The National Oceanic and Atmospheric Administration’s scientists last summer noticed dust drifting 85 miles from Lake Abert and Summer Lake, two depleted salt lakes in southern Oregon.

Saline lakebeds are among the major producers of dust in the West; this has happened previously. The 800 square miles of the Great Salt Lake’s exposed bed have produced toxin-filled dust storms in Salt Lake City, while California’s Owens Lake is the country’s largest source of PM10, the microscopic pollutants found in dust and smoking.

Saline lakes are some of the West’s most endangered ecosystems as a result of climate change, agricultural usage, and urban development. New law is now providing some assistance. The bipartisan Saline Lake Ecosystems in the Great Basin States Program Act, which allots $25 million in funding for research and monitoring at saline lakes throughout the Great Basin, was signed by President Joe Biden on December 27. Although this investment is a significant start, it cannot provide the lakes with more water, which is what they actually need.

Salt lakes are frequently found in the Interior West because snowmelt collects in the Basin and Range region’s valley bottoms. Since the valleys don’t have an exit, the water stays there until it evaporates, leaving the suspended particles behind. As they build up over time, the lakes become highly salinized.

Ryan Houston, executive director of the Oregon Natural Desert Association, which works to protect Oregon’s high desert, including Summer Lake and Lake Abert, said that it “creates a unique system that supports brine shrimp and alkali flies that may feed enormous populations of migratory birds.”

The balance between evaporation, runoff, and salts also makes saline lakes particularly vulnerable to climate change. Higher temperatures cause the snowpack to shrink and evaporation to increase, which results in less water in the lakes and a higher salt content. It also exposes dry lakebeds, resulting in hazardous dust storms, which stresses shrimp and flies, which have evolved over time to thrive in particular salinities.

The water from the lakes has also been diverted for municipal and agricultural use over the years. For example, since its water was diverted to Los Angeles, California’s Owens Lake has been almost entirely dry for almost a century. The Great Salt Lake is on course to disappear within five years, according to a report published this month by Utah scientists and environmental groups. This is because of water diversions and climate change, the research warned.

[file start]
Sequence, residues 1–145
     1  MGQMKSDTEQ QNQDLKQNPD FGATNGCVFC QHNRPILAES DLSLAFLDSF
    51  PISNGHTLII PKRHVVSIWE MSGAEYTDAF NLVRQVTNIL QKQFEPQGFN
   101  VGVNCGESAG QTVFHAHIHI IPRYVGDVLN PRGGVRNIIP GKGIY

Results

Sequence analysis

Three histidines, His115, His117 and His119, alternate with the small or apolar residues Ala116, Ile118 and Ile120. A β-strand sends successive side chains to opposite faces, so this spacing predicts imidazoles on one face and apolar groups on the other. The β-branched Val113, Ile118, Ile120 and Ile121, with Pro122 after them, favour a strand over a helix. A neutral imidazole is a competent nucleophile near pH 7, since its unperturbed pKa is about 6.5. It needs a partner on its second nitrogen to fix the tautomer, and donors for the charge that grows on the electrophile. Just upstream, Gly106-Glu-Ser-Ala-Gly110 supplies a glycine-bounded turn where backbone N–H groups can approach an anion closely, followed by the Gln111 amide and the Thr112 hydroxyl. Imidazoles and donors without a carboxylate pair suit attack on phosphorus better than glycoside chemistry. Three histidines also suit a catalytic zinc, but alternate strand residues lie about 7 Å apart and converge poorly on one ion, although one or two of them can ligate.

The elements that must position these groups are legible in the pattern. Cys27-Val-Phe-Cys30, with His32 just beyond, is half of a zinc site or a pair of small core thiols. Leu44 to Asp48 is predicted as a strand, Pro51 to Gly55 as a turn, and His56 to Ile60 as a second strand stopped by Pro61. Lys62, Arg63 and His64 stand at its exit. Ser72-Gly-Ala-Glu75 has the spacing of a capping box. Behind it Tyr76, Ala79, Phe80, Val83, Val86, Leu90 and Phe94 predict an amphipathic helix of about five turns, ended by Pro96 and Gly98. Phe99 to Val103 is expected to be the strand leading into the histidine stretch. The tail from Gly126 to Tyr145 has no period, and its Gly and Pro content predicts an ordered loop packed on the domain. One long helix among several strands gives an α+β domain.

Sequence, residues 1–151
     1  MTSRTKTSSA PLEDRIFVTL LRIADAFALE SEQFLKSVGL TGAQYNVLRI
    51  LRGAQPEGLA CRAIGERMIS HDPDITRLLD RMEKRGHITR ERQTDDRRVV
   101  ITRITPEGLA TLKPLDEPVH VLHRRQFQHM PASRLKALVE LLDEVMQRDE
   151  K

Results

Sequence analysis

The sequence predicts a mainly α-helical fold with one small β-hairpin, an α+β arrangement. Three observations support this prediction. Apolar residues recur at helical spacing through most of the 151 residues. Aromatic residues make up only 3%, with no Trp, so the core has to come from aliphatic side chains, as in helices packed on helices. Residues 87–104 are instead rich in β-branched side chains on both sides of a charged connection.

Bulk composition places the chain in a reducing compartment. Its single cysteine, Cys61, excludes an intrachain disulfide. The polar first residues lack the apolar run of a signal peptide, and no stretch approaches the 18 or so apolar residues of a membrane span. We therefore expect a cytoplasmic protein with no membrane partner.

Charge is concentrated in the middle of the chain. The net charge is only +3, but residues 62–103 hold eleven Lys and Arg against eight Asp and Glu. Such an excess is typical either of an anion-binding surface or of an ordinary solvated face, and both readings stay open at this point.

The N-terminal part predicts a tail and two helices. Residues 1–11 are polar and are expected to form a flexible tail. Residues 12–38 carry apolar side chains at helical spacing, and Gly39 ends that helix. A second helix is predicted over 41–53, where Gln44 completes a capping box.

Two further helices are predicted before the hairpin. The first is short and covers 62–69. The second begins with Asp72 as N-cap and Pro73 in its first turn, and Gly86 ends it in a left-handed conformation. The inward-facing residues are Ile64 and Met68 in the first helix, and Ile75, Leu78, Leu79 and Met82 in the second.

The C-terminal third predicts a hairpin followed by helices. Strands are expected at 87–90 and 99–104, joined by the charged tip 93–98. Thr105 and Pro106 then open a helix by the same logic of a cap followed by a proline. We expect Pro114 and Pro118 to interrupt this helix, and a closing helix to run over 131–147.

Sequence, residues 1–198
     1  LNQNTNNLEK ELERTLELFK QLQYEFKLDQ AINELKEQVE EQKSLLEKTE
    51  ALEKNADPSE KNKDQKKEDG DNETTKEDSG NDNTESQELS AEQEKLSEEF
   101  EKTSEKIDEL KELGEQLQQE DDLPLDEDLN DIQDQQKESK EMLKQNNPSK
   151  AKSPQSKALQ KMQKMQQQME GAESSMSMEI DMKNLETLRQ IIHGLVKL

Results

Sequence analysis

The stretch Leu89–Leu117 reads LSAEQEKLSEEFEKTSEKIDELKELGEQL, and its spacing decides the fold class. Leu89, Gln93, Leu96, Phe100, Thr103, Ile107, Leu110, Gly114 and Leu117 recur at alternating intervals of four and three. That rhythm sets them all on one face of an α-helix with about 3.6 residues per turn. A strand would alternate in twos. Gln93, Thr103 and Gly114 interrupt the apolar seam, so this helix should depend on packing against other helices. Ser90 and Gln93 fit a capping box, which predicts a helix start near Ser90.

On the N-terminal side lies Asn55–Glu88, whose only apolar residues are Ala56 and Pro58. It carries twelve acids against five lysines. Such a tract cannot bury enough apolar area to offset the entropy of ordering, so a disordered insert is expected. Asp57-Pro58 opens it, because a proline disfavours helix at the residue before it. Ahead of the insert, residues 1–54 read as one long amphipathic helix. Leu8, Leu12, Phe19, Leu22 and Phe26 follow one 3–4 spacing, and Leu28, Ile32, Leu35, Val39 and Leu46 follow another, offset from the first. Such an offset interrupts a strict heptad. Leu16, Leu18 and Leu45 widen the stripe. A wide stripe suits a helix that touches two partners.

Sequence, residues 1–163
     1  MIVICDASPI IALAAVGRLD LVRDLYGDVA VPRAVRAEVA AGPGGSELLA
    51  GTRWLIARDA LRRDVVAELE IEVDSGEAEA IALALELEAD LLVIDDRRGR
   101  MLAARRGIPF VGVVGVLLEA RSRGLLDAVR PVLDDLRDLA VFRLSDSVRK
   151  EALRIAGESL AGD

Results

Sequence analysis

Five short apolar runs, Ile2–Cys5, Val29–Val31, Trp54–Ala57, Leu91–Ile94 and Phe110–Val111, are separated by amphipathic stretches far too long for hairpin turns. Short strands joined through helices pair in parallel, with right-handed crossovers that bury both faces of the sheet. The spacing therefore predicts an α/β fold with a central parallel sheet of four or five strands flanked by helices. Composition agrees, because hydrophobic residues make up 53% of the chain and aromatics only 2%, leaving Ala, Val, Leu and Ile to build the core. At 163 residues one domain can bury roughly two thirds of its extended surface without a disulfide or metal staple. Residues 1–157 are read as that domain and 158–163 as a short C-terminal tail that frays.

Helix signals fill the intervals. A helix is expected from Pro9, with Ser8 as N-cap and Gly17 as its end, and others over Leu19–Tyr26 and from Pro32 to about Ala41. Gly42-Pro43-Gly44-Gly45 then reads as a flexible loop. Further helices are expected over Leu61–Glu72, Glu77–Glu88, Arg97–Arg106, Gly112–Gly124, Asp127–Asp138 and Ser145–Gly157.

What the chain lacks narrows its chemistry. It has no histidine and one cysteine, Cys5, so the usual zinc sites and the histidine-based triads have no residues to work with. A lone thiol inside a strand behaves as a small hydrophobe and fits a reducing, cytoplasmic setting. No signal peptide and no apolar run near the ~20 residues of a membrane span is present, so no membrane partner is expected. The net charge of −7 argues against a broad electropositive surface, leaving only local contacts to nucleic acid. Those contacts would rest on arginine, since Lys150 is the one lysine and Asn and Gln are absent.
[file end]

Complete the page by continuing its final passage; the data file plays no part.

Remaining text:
Many people consider the major justification for preserving the lakes to be bad air quality. However, the dust is a warning that the ecology as a whole is deteriorating. Saline lakes are important resting places for birds traveling through the Pacific Flyway, which connects Alaska with Patagonia, Chile. Houston asserted that the point at which Lake Abert’s most significant ecological value—being lost as a component of the Pacific Flyway—has already passed. 338 bird species depend on the Great Salt Lake, and over 80 species of birds either live in or migrate through Lake Abert.

The Great Salt Lake, Lake Abert, Summer Lake, the Owens and Mono lakes in California, and the Ruby and Walker lakes in Nevada are just a few of the salt lakes that will be the subject of the new legislation’s research and monitoring program. David Herbst, a biologist who started working at Mono Lake in the 1970s, claims that additional oversight by federal and state organizations is urgently needed because only a “small core of scientists” work on saline lakes.

The act is significant, according to Geoffrey McQuilkin, executive director of the Mono Lake Committee, “because it funds scientific study that will inform how to sustainably manage valuable habitats to retain their numerous advantages in the age of climate change,” he wrote in an email. Klamath Tribes tribe chairman Clayton Dumont remarked, “We’re pleased to see anything that will assist restore that unique ecology.” The Klamath Tribes’ traditional land surrounds Lake Abert.

This is hardly the first federal initiative to support lakes. The 2002 Desert Terminal Lakes Program allocated more than $200 million to fund scientific study and the acquisition of water rights in order to help the conservation of Nevada’s saline lakes. Just two weeks ago, a $858 billion defense budget package that included $10 million for Army Corps of Engineers programs connected to saline lakes was approved. Additionally, the Great Salt Lake Watershed Enhancement Act of 2022 in Utah established a $40 million fund for lake conservation.

However, some supporters claim that monitoring and study are insufficient. This is fantastic! However, it doesn’t supply water to Great Salt Lake, according to a statement made on Instagram by the group Save Our Great Salt Lake after the Senate passed the legislation.

Refilling the lakes is a difficult topic. States regulate water rights, making it more difficult for the federal government to intervene. Houston added, “The federal government and other scientists may step in and provide a tremendous lot of support and information that advocates can utilize for lakes where basic measurement, basic monitoring, and some of the basic science is lacking.

However, most people are optimistic now that the lakes are receiving greater attention. Houston stated, “Unfortunately, there’s a crisis, so it’s an exciting time. But a lot of people are talking about it, so it’s an exciting time.


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